Which PCOS type are you?


This article was written by my previous Nutrition Grad Student, Kimmie Singh. She is a fat woman of color who experiences PCOS. You can find out more information about her work now as a dietitian here.

People with PCOS share many similar experiences, yet there is quite a bit of variation among the PCOS experience.

Why do people with PCOS have different symptoms? 

Why is there body diversity among the PCOS community if we all have the same condition? 

Will the same medications help everyone? 

The questions are endless!

Research has demonstrated people with PCOS can be separated in four different categories depending on three basic PCOS symptoms:

  • inconsistent and/or lack of ovulation (oligo/anovulation),
  • increased male sex hormones (hyperandrogenism),
  • and the presence of cysts on ovaries (polycystic ovaries).

Yes, you read that correctly, having cysts on your ovaries is not a requirement to having PCOS. One study identified the following four types of PCOS, and these four types have built the foundation for understanding the general differences between people with PCOS:







Classic polycystic ovary PCOS                X                X              X
Classic non-polycystic ovary PCOS                X                X
Non-classic ovulatory PCOS                X              X
Non-classic mild PCOS                X              X

Since these types of PCOS were identified many researchers examined what other symptoms vary between the types.

Want to find a way to treat your PCOS without dieting?

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The classic polycystic ovary PCOS is the most prevalent type of PCOS, and, unfortunately, it is associated with the most negative health outcomes. People with this type of PCOS are more likely to experience more severe insulin resistance (more on that here). They are also at an increased risk of having unhealthy lipid panels.

All three types of PCOS that have hyperandrogenism are at an increased risk for developing cardiovascular disease.

There are also hormonal differences between the types. One study found that people with classic polycystic ovary PCOS have higher testosterone levels than the other types.

There have been some studies that compared the body sizes and shapes between the types of people with PCOS. Most studies find that people with the Classic polycystic ovary PCOS are most likely to have larger bodies and carry more weight around the midsection.

Although the research on body diversity and PCOS is super scarce, this is such a great indicator that people with PCOS should not be expected to have a particular body type. I have heard so many people suggest that if there are thin people with PCOS then all people with PCOS should and can be thin. This is false for any population- especially for people with PCOS.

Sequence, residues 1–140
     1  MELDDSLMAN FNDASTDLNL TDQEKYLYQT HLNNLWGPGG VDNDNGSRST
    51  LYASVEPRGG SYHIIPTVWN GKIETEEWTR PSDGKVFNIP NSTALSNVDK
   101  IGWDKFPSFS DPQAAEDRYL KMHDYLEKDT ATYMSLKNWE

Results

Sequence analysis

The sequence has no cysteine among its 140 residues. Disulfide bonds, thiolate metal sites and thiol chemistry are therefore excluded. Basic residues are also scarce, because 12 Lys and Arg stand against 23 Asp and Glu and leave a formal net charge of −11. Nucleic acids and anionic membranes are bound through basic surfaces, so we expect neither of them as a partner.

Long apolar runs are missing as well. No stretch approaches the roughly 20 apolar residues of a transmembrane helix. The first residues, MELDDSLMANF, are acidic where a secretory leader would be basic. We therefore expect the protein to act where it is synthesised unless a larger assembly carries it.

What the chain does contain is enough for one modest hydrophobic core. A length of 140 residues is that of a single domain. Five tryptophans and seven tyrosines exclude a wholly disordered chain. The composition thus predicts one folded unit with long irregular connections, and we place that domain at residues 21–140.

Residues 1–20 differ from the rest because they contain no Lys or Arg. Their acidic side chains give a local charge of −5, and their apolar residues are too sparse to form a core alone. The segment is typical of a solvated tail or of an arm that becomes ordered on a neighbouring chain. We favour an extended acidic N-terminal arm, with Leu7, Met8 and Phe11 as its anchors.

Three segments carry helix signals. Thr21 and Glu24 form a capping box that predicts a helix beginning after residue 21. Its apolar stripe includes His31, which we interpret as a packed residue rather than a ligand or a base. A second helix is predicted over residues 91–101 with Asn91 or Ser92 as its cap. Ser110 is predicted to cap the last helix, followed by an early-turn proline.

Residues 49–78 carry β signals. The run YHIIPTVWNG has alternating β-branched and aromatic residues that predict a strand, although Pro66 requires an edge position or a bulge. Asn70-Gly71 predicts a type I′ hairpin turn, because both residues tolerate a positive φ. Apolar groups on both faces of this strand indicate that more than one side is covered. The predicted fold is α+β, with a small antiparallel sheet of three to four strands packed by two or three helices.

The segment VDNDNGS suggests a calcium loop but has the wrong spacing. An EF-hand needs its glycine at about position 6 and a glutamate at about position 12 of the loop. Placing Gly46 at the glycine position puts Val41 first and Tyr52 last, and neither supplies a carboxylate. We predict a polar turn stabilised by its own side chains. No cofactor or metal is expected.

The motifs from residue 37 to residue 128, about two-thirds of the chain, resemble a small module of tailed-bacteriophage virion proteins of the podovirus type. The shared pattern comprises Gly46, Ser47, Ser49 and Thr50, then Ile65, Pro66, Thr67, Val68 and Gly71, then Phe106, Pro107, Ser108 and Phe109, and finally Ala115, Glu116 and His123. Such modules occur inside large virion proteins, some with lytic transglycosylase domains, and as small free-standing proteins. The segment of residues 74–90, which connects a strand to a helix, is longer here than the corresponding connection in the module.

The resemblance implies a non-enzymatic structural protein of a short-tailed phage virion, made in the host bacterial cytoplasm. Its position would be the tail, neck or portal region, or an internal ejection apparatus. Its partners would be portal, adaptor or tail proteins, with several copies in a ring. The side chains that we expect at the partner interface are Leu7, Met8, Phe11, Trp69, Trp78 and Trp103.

Differentiating between types of PCOS gives me hope for the future of PCOS research. So many people with PCOS feel disappointed with the quality of healthcare of treatment options available.

I hope that by better understanding different PCOS experiences, future treatment options will be more individualized.

Want to better understand your PCOS? Take a deep dive into PCOS management without dieting. Julie’s course can show you how. Details here.



Aziz, M., Sidelmann, J. J., Faber, J., Wissing, M. M., Naver, K. V., Mikkelsen, A., . . .

Skouby, S. O. (2015). Polycystic ovary syndrome: cardiovascular risk factors according to specific phenotypes. Acta Obstetricia et Gynecologica Scandinavica, 94, 1082-1089. doi:10.1111/aogs.12706

Clark, N. M., Podolski, A. J., Brooks, E. D., Chizen, D. R., Pierson, R. A., Lehotay, D. C., &

Lujan, M. E. (2014). Prevalence of Polycystic Ovary Syndrome Phenotypes Using Updated Criteria for Polycystic Ovarian Morphology. Reproductive Sciences, 21(8), 1034-1043. doi:10.1177/1933719114522525

Hayek, S. E., Bitar, L., Hamdar, L. H., Mirza, F. G., & Daoud, G. (2016). Poly Cystic

Ovarian Syndrome: An Updated Overview. Frontiers in Physiology, 7. doi:10.3389/fphys.2016.00124

Jamil, A. S., Alalaf, S. K., Al-Tawil, N. G., & Al-Shawaf, T. (2015). A case–control

observational study of insulin resistance and metabolic syndrome among the

four phenotypes of polycystic ovary syndrome based on Rotterdam criteria. Reproductive Health, 12(1). doi:10.1186/1742-4755-12-7

Jamil, A. S., Alalaf, S. K., Al-Tawil, N. G., & Al-Shawaf, T. (2015). Comparison of clinical

and hormonal characteristics among four phenotypes of polycystic ovary syndrome based on the Rotterdam criteria. Archives of Gynecology and Obstetrics, 293(2), 447-456. doi:10.1007/s00404-015-3889-5

Pehlivanov, B., & Orbetzova, M. (2007). Characteristics of different phenotypes of

polycystic ovary syndrome in a Bulgarian population. Gynecological Endocrinology, 23(10), 604-609. doi:10.1080/09513590701536246

Sahmay, S., Atakul, N., Oncul, M., Tuten, A., Aydogan, B., & Seyisoglu, H. (2013).

Serum anti-mullerian hormone levels in the main phenotypes of polycystic ovary syndrome. European Journal of Obstetrics & Gynecology and Reproductive Biology, 170(1), 157-161. doi:10.1016/j.ejogrb.2013.05.019

PCOS keeps me dieting and I keep failing.

Have you dieted for you whole life? Are you looking for a way to help manage your health or a health condition, are being told that dieting and weight loss are the answer, but don’t feel that’s the right path for you? Listen now for some new options for better health.

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Episode’s Key Points:

  • Dieting leads to bingeing!
  • Diets don’t work… but doctors still prescribe dieting to “help” with all kinds of health conditions. What gives?
  • Polycystic ovarian syndrome (PCOS): A super common endocrine disorder that often is “treated” with dieting. But there are other ways!
  • Dieting is the GREATEST predictor of weight gain and developing an eating disorder.
  • There seems to be some connection between eating disorders and PCOS… but there isn’t enough research out there to figure out why!
  • PCOS symptoms: Hormonal disregulation that affects ovulation, hunger/cravings, hair growth changes, central adiposity, high insulin levels, weight gain. Many of these symptoms impact body image in a negative way!
  • People in fat bodies can suffer from anorexia!!